Members of the genus Fusarium and related genera are important components of many ecosystems worldwide and are responsible for many plant diseases. However, the structure of beech litter-inhabiting Fusarium communities and their potential role in reducing the natural regeneration of European beech are not well understood. To address this issue, we examined Fusarium communities in the litter of uneven-aged, old-growth beech-dominated forests in the Carpathians (Poland) and in the Alps (Austria), and in a managed beech stand (Poland). The fungi inhabiting beech litter were investigated using beechnuts and pine seedlings as bait. The pathogenicity of the most common species was investigated by inoculating beech germinants. Fusarium spp. were identified based on morphology and DNA sequence comparisons of RPB2 and TEF1-α genes, combined with phylogenetic analyses. Twelve fungal species were identified from 402 isolates, including nine known and three currently undescribed species. The isolates resided in three species complexes within the genus Fusarium. These were the F. oxysporum (one taxon), F. sambucinum (three taxa), and F. tricinctum (six taxa) species complexes. In addition, one isolate was assigned to the genus Neocosmospora, and one isolate could be placed within the genus Fusicolla. The most frequently isolated fungi from beechnuts and beech germinants were F. avenaceum (Fr.) Sacc., F. sporotrichioides Sherb. and Fusarium sp. B. The structure and abundance of species within Fusarium communities varied by beech forest type. The species richness of Fusarium spp. was greatest in old-growth beech-dominated stands, while abundances of Fusarium spp. were higher in managed beech-dominated stands. Pathogenicity tests showed that all four Fusarium species isolated from beechnuts and beech germinants could cause germinants to rot beech, suggesting that these fungi may play a negative role in the natural beech regeneration. Full article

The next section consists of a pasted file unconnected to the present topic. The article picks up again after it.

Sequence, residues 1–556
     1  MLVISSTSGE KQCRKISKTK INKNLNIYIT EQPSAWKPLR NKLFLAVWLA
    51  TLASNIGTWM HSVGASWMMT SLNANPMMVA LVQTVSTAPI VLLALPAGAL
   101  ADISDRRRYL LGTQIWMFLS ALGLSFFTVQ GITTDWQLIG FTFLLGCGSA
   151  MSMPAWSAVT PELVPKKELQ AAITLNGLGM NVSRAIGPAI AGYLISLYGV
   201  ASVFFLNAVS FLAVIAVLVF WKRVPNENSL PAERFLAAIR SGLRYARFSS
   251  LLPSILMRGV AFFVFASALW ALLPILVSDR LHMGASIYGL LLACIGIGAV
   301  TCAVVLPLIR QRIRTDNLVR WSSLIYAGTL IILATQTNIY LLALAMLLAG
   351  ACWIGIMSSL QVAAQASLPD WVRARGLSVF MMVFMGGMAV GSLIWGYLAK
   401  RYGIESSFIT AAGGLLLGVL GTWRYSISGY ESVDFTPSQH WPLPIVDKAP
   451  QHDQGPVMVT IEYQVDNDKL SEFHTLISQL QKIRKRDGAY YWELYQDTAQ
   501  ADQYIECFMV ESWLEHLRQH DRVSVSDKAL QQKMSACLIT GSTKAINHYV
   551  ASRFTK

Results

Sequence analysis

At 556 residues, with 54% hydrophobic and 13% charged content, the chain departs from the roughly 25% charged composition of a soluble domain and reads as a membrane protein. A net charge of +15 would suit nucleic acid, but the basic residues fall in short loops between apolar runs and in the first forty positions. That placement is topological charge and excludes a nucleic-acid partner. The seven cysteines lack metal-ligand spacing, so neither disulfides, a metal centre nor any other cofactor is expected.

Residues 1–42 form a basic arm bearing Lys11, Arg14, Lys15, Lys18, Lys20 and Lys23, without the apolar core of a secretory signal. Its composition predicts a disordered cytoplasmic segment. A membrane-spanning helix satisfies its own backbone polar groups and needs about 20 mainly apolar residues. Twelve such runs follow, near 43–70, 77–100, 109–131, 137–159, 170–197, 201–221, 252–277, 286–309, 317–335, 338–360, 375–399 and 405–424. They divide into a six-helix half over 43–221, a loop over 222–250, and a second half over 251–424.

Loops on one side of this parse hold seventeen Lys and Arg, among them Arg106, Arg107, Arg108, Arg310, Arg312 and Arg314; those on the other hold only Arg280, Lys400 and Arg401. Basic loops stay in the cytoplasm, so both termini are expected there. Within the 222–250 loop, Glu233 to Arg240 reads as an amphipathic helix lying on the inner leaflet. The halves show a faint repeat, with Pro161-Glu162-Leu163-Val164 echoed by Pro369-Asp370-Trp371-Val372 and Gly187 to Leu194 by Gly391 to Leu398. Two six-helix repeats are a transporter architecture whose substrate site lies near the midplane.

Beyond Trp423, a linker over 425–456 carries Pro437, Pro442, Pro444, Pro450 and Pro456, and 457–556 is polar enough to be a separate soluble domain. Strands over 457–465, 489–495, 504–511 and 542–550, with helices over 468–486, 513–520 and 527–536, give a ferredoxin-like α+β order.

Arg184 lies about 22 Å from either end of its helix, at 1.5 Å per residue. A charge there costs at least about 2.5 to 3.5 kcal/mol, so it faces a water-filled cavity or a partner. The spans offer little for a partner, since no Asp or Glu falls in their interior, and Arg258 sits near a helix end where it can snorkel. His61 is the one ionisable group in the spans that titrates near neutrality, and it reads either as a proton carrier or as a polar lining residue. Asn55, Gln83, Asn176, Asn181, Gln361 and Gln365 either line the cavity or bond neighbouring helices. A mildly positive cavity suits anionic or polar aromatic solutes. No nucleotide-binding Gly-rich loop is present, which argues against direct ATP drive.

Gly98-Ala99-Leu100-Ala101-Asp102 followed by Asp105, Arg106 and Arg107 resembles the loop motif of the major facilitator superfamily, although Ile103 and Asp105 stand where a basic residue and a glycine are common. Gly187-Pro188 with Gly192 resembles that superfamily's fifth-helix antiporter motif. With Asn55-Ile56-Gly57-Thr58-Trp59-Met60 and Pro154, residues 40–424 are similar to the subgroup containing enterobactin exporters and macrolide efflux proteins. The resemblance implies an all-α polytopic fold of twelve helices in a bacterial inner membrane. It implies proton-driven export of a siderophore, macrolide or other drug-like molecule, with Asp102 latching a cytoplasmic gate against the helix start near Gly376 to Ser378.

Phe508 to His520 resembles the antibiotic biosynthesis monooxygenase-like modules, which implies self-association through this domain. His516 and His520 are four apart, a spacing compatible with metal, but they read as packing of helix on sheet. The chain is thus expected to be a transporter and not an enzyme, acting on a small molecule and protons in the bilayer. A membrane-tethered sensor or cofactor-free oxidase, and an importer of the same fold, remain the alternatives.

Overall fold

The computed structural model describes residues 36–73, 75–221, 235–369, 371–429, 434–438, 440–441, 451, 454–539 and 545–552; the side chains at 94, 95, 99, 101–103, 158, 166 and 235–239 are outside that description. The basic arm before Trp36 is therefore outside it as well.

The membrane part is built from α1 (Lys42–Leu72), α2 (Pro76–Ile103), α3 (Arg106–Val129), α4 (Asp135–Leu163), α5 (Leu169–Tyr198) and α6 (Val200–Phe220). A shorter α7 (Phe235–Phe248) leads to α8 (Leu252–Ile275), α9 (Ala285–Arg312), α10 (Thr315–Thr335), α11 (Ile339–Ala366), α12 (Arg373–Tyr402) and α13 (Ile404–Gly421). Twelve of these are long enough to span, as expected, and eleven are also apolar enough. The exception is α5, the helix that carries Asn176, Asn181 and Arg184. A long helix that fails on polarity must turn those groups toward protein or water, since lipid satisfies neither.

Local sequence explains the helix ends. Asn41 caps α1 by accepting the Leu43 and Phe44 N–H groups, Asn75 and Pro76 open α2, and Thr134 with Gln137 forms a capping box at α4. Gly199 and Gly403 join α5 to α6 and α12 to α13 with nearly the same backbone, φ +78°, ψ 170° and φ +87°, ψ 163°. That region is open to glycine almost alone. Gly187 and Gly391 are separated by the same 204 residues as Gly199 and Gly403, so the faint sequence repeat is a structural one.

(This article belongs to the Special Issue Ecology, Identification and Management of Forest Diseases)
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Article
Rapid Detection of Pine Pathogens Lecanosticta acicola, Dothistroma pini and D. septosporum on Needles by Probe-Based LAMP Assays
Forests 2021, 12(4), 479; https://doi.org/10.3390/f12040479 - 14 Apr 2021
Cited by 3 | Viewed by 1390